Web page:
The insurance sector is quite transversal and interacts with many other economic sectors such as agriculture, energy, health, transportation, etc. Risks managed by the insurance sector are related to weather conditions, particularly extreme climate events, which are the main drivers of important economic losses. Applying High Performance Computing (HPC), we produce climate predictions that give the probability of occurrence of extreme rainfalls, droughts or on the number of hurricanes expected for the next season. This information helps evaluating the risks underwritten by the insurance sector and is useful as early-warning system for society and the business sector in general.
Floods, droughts and cyclones are weather phenomena that cause huge social and economic damage, and the frequency and magnitude of these events are likely to be impacted by increasing concentration of green-house gases in the atmosphere. Climate models can improve our understanding of future extreme events and this information can be very useful for the insurance sector regarding the following applications:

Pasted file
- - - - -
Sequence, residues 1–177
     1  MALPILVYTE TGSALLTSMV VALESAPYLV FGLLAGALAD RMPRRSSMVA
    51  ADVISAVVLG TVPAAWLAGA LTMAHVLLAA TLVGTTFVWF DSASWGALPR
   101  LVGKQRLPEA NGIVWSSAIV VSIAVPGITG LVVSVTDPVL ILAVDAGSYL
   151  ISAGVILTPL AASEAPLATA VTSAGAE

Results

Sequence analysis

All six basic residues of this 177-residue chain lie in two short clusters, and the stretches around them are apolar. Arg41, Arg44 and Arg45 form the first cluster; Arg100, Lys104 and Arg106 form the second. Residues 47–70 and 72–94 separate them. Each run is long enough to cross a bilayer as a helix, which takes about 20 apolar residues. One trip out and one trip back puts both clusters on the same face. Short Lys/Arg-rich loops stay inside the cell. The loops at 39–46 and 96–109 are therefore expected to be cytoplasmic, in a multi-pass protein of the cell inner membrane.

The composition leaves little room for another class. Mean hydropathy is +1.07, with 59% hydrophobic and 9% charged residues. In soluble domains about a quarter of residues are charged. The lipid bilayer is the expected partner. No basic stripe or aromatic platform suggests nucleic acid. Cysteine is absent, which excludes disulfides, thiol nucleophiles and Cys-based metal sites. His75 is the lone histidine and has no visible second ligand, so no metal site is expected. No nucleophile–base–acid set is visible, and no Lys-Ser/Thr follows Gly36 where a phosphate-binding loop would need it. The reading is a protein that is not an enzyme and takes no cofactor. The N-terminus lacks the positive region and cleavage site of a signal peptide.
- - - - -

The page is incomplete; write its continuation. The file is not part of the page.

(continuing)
- Future loss estimation
- Pricing determination and capital allocation
Hurricane activity varies significantly from year-to-year due to the climate controls (i.e., ENSO) that suppress or enhance hurricane activity over a given season. The insurance and re/insurance sectors are therefore exposed to a risk that varies considerably from one year to the other. Due to regulatory constraints, large price fluctuations in prices, which could reflect the underlying risk, are not allowed. Thus, applications of multi-annual predictions (typically 5 years) to the insurance sector allow the spreading of risk over multiple seasons and produce stable prices for the coverage offered.